When I Grow Up…

It shouldn’t surprise you that I was a kind of weird kid. Sure, I loved playing games and watching movies along with all of my other friends. I was even in the Cub Scouts. (NOTE: I didn’t make it further than the bear badge, because I got really bored of knots and racing wooden blocks–and I think my Dad was getting weirded out by having to take me to a church immediately after Hebrew lessons every week.)

But there was one thing that made me different from the rest of my friends: my ambitions later in life.

See, the normal kids among us wanted to be police officers, firefighters, soldiers, or murderers–like every well-balanced fie year old. They’d talk about it all, discussing the pros and cons of each profession. “I get to have a gun!” said one. “Yeah, well I get to play with fire!” another would respond. “Yeah?” said the weird kid who sniffed only black markers, “Well, I get to bathe in the warm blood of those who cross me.”

We’d laugh, then ostracise him by not letting him play hide-and-seek or foursquare with us. Truly, those were the halcyon days, there in the frozen tundra of Canton, Ohio. We knew not what life had in store for us, and the worst dilemmas we had to face were rushing home from school to get back in time for Power Rangers.

But I was different. Where all of my friends wanted to be something that would allow them to act out their innate, childhood fantasies of firing a gun or playing with fire when their parents had spent years telling them not to, I wanted to be a psychiatrist. And no, before you ask, it wasn’t because I knew it would make me a lot of money.

I wanted to help people. I didn’t know why, but I felt that everyone around me was flawed in some way, and that I could help make them feel better. Now, with the power of hindsight, I look back and I know why I wanted to be a psychiatrist: Bob Newhart.



Surely, it wasn’t because of the man’s stellar good looks. And I sure as hell didn’t know that he was a comedian in real life. This was, after all, before I realized that TV was fake–in my mind, the only fake things were in books (especially Goosebumps), and the real things flew by my eyes in vivid color. (Of course, there was an exception for cartoons. I knew Rocko was fake, because nothing that cool could’ve existed without its parents telling it to go to sleep.)

I figured that the best way to go about my compulsion to help people–woah, you just went “What the hell?” and I heard it from here. Let me explain.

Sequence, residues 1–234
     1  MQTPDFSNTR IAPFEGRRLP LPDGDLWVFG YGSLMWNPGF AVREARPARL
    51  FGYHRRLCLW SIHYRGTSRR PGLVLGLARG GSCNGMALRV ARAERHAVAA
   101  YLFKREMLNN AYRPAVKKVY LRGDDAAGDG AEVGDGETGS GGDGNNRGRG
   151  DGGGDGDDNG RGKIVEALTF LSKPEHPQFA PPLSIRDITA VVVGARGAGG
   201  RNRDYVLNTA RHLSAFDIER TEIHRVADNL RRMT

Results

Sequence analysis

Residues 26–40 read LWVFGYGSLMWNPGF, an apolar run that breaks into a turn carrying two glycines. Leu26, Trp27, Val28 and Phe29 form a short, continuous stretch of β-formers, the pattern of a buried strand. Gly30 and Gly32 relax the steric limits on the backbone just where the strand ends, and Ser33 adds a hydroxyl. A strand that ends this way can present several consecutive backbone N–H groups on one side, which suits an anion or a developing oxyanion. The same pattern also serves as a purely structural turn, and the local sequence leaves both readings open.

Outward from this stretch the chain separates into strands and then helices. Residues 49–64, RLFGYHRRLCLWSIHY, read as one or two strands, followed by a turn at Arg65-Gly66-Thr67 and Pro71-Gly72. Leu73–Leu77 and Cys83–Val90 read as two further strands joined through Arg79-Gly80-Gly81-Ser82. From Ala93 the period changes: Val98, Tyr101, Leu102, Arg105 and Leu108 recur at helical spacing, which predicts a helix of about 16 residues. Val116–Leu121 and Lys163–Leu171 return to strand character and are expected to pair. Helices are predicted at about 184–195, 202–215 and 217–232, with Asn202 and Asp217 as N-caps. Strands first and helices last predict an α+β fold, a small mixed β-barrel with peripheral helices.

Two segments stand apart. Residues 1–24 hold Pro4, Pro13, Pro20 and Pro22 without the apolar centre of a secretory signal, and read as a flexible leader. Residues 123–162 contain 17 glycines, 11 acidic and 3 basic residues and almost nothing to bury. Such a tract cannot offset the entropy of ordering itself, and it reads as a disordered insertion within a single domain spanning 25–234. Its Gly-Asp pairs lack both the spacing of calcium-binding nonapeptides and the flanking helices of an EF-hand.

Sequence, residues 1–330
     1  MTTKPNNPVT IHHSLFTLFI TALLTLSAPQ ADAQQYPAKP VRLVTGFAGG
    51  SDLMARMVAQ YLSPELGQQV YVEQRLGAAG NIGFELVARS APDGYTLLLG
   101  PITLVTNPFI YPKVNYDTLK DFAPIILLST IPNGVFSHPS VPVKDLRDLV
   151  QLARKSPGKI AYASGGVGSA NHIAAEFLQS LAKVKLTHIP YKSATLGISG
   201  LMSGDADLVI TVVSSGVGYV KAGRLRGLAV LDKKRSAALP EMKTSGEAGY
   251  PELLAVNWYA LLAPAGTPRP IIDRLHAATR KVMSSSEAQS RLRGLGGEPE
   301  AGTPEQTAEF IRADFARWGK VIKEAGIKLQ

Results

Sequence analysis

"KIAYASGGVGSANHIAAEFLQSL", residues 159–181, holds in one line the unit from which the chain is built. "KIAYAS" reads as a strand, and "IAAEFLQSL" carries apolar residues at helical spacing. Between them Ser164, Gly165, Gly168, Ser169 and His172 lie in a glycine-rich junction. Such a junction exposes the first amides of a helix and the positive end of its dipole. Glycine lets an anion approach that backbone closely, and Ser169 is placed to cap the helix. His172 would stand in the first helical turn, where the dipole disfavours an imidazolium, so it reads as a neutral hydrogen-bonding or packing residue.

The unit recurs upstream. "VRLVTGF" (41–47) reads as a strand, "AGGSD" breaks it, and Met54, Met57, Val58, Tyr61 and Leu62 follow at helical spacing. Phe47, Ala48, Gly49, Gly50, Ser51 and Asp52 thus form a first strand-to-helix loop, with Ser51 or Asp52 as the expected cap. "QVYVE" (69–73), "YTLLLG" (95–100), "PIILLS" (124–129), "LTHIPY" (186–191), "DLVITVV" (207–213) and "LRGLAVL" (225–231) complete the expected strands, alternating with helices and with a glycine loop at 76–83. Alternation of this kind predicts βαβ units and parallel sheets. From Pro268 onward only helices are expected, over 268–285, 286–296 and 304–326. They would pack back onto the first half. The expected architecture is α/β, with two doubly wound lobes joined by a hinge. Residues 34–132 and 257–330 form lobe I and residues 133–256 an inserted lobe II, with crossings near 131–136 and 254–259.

Until I moved to Tennessee and was introduced to a friend of mine, I was a Good Human Being. I was very polite, I had a wide range of friends, and whenever someone talked sternly to me, I broke down in tears because I knew I had failed them in some horrible, world-ending way. And then I started hanging out with that certain friend, who introduced me to things like not reading, video games, and the Internet. I started swearing at the TV set when my character’s starfighter didn’t pull off a barrel roll, and it was pretty much downhill from there.

Included in that Good Human Being stage was trying to rectify bad situations in the most diplomatic situation possible. My brother would be shouted at by my Mom and Dad for something, and I’d hobble over (I was two in this instance) and offer my pacifier. (Once again: Then I had empathy; now, I have schadenfreude.)

So, I suppose, it was perfectly natural that I’d want to be a part of a tradition that had helping people as its cornerstone. (This, of course, was before I’d seen What About Bob? or, indeed, knew about greed and stupidity.) Now, I look back at it and think that this sort of aspiration is the sign of a neurotic in the making, or that I’m overly serious by nature, and this whole front of joking and humor and satire is nothing but a facade, behind which lurks something deep and–God help me–Literary.

Then again, I consider some cliches like “laughter is the best medicine,” or Mel Brooks’s quote about humor being a defense against the universe, and I have to wonder if, perhaps, I, like Patch Adams, could heal through chuckles. Or, hell, if nothing else, I could get a movie deal out of endangering peoples’ lives when they need serious medical attention.

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